A little while ago, I was thinking about how deeply I could squat. Being able to squat “ass to grass” is a pretty en vogue thing these days as a marker of your hip mobility and overall hip health, so I wanted to test myself out.
My lack of hip mobility was shocking, especially given that I play hockey as a goalie.
I could barely get below parallel. I wasn’t happy with it, and I wanted to make it change.
I did a bunch of adductor stretches (like the sumo adductor stretch) to try to get my hips to let me move, but after several weeks, it didn’t seem like it was helping much. My ankle mobility has always been good, so nothing I did there seemed to make any difference.
I tried doing a bunch of free squats, slowly lowering myself down. I tried stretching my hips in all kinds of directions, never quite finding the right stretch to help. It didn’t matter if I stretched my quads or my hamstrings or my adductors or hip flexors…
Then one day, I took advantage of the beautiful San Diego weather and went to a boot camp class to get my blood moving. After a thorough butt kicking, I was back in the living room, watching TV, stretching things out and trying to get into a deep squat. My hamstrings felt irritable, and I could feel my femurs wanted to rotate laterally (duck footed) as a result of what we’d done at the bootcamp workout.
The stretch was intense — the kind of intense stretch that makes you want to quit but you don’t because you know that if you continue, you’re going to cry tears of joy. After a couple minutes stretching out both sides, I was a much happier man.
All it took was getting my lateral hamstrings stretched out.
That was where the problem had been hiding the whole time. Most hamstring stretches will tend to get you a great stretch on the semitendinosis and semimembranosis but not so much on the biceps femoris. This stretch gets it. If your lateral hamstring is tight, you will feel this stretch all the way from the posterior, inferior, lateral side of your knee (where the lateral hamstring terminates) all the way up into your butt.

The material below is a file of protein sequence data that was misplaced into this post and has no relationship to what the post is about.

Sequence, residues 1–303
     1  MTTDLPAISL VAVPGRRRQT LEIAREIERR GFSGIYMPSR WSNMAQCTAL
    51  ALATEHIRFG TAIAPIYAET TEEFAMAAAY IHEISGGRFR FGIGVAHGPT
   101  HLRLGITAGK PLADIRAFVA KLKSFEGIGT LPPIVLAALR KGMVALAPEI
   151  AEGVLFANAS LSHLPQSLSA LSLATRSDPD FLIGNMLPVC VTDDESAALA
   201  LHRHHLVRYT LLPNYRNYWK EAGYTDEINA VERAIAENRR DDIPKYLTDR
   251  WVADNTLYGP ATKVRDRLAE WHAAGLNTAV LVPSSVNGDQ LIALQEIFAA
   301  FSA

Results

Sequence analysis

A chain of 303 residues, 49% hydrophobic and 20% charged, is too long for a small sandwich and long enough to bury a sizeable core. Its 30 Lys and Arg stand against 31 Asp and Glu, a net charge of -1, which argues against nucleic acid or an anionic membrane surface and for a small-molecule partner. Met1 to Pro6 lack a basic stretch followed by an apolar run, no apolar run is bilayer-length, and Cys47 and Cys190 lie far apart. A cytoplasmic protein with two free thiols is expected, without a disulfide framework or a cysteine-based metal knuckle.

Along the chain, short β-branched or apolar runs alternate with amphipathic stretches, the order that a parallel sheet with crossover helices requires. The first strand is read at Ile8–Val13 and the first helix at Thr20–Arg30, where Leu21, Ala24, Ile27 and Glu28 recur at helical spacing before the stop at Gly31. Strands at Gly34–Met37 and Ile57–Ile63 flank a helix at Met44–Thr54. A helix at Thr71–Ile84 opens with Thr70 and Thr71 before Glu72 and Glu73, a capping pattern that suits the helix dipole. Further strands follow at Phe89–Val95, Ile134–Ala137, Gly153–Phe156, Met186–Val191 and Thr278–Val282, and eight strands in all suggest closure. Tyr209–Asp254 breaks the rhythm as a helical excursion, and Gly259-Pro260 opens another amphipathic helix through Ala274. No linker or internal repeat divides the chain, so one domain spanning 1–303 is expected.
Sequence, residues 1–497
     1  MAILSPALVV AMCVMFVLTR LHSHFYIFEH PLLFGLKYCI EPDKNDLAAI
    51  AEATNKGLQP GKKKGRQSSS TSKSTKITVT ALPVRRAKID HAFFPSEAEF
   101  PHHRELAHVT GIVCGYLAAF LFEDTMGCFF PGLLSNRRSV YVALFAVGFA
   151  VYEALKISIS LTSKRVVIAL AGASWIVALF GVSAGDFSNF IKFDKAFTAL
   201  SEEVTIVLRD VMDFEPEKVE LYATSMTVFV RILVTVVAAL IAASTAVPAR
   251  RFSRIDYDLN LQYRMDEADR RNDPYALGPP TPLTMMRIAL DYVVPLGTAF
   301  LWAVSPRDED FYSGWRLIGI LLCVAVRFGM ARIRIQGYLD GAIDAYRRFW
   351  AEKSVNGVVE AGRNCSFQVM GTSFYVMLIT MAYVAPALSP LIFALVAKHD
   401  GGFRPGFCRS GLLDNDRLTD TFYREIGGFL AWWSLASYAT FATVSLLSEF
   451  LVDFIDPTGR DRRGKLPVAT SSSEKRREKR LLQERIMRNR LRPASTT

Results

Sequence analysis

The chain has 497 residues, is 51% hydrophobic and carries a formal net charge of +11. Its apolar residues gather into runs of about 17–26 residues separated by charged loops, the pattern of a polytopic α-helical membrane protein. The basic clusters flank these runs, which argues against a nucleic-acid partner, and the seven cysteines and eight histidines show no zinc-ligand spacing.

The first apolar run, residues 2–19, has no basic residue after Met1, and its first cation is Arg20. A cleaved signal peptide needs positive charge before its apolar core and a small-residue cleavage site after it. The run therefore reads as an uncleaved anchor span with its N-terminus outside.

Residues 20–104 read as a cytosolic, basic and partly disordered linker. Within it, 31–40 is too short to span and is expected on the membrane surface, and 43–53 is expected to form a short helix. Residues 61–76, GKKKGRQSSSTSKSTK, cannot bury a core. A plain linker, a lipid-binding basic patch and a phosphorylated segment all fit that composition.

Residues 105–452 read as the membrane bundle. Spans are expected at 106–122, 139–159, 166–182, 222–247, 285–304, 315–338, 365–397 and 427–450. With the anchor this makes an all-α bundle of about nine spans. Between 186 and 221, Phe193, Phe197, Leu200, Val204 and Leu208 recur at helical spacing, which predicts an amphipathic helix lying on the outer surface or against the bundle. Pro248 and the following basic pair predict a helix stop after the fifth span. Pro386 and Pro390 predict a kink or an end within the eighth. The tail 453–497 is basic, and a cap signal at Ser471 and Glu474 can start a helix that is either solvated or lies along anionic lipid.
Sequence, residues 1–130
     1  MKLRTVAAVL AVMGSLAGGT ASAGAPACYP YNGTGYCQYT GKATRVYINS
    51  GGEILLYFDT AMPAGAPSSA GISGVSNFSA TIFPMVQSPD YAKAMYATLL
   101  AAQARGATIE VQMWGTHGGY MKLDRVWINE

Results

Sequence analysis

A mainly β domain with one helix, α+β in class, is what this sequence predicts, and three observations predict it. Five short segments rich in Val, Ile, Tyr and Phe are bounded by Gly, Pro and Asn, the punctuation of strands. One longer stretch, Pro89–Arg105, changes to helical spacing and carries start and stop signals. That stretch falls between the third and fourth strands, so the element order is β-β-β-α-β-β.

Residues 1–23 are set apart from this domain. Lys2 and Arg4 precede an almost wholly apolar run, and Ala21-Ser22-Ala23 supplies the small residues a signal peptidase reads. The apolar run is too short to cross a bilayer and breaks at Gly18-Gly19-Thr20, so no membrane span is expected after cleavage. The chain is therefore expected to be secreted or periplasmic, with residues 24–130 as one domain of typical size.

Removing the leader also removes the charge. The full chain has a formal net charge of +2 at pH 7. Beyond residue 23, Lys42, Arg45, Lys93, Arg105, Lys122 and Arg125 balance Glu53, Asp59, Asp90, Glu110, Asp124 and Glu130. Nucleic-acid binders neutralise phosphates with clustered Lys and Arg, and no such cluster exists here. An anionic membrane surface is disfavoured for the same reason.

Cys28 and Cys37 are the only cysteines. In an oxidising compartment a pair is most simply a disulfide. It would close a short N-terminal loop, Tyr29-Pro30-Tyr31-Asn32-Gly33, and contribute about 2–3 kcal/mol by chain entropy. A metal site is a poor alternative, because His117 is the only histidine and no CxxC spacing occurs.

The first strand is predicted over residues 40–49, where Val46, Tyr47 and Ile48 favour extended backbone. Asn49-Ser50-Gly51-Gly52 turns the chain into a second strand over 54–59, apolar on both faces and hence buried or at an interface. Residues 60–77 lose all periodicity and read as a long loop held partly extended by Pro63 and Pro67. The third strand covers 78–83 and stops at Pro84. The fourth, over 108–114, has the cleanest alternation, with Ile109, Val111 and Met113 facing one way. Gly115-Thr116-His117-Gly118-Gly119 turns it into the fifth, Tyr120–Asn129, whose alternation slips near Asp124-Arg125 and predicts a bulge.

Make sure you keep your back in neutral the whole time, hinging at the hip to make sure your hamstrings get the brunt of the stretch and NOT your back muscles.
If it helps you deepen your squat a little, make sure you share this with a friend! Without further ado, here’s the stretch.
The Stretch: Stand facing an elevated surface like a chair or couch. A low stool will also work if you are just starting with this stretch and/or are particularly tight. Place your heel on the surface and pull your toes back. Your knee and toes should be pointing toward the ceiling. Maintaining a neutral spine, twist your upper body to the direction of the outstretched leg. If your left leg is up on the surface, turn to your left. If your right leg is up, turn to the right. You should feel this on the lateral (outside edge) in the back of the knee and thigh and up toward the hip/butt.